• A folding ROPS must be unfolded and securely locked open to be effective.
    • A ROPS is a structure designed and constructed to prevent or minimise the risk of death or injury to the operator as a result of the tractor rolling over.
  • a seat belt also prevents the operator from being ejected during use or a roll-over
    • Where the tractor or other agricultural mobile plant is fitted with a seatbelt and a ROPS is present, the seatbelt should be worn by the operator. If a seat belt is not being worn, and the tractor rolls, there’s a strong likelihood the operator will be crushed by the tractor.
  • logbooks should be maintained to record scheduled maintenance and repairs and any modifications which might affect the safe operation of the tractor
  • conducting inspections as well as servicing and maintenance in line with the manufacturer's recommendations
    • For older items of tractors where operating instructions are not available, operational procedures and instructions for use should be developed by a competent person. The PCBU must also provide adequate training to all tractor operators, including the development of safe work procedures in line with the manufacturer's instructions for the operation of a tractor.
  • assess the environment the tractor will be operating in for potential hazards such as gradient and terrain and determine if the plant is appropriate for the task
  • driving tractors at speeds slow enough to keep control over unexpected hazards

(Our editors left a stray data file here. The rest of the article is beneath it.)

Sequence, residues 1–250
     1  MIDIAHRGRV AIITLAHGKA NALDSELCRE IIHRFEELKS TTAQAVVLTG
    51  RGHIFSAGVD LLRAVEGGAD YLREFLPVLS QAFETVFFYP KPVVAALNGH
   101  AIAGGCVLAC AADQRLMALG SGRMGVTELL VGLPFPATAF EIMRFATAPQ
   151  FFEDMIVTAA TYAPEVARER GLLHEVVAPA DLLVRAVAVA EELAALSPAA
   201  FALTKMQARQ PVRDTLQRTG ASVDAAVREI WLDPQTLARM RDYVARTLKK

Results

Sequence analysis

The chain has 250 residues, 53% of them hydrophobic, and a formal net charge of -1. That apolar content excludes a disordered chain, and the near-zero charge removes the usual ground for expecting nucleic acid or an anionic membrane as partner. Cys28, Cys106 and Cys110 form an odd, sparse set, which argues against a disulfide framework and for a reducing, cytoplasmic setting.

• Operators should watch out for ditches, embankments, and depressions – unstable banks can cause overturns.
  • not driving on gradients in wet conditions where there is high risk of overturning caused by the tractor sliding or its wheels sinking into the ground
  • only towing a load using the designated tow point that is lower than the rear axle height. (Using a tow point higher than the rear axle height can cause the tractor to backflip)
  • reducing speed before turning or applying turning brakes. Where a differential lock and turning brakes are fitted, ensure the differential lock is disengaged, and the turning brakes are locked together before travelling from one work site to another
  • descending slopes cautiously with the tractor in low gear
  • when a tractor is bogged in mud or in a ditch, drive out in reverse gear. Logs and planks should only be used behind the rear wheels to increase traction, as using logs and planks in front of the rear wheels increases the chance of the wheels locking which can cause the tractor to backflip
  • when operating a tractor at night or in low light conditions ensure the tractor is fitted with effective lighting (e.g. headlights, work lights at the rear of the tractor, etc).
  • if the tractor is fitted with a front-end load or any other implement ensure they are lowered as low as possible while travelling over rough or sloping terrain.

If you are working in a remote area or working alone, always let someone know where you are going and when you are expected back. Also, make sure good communications are in place – for example, assessing mobile phone coverage and using two-way radios.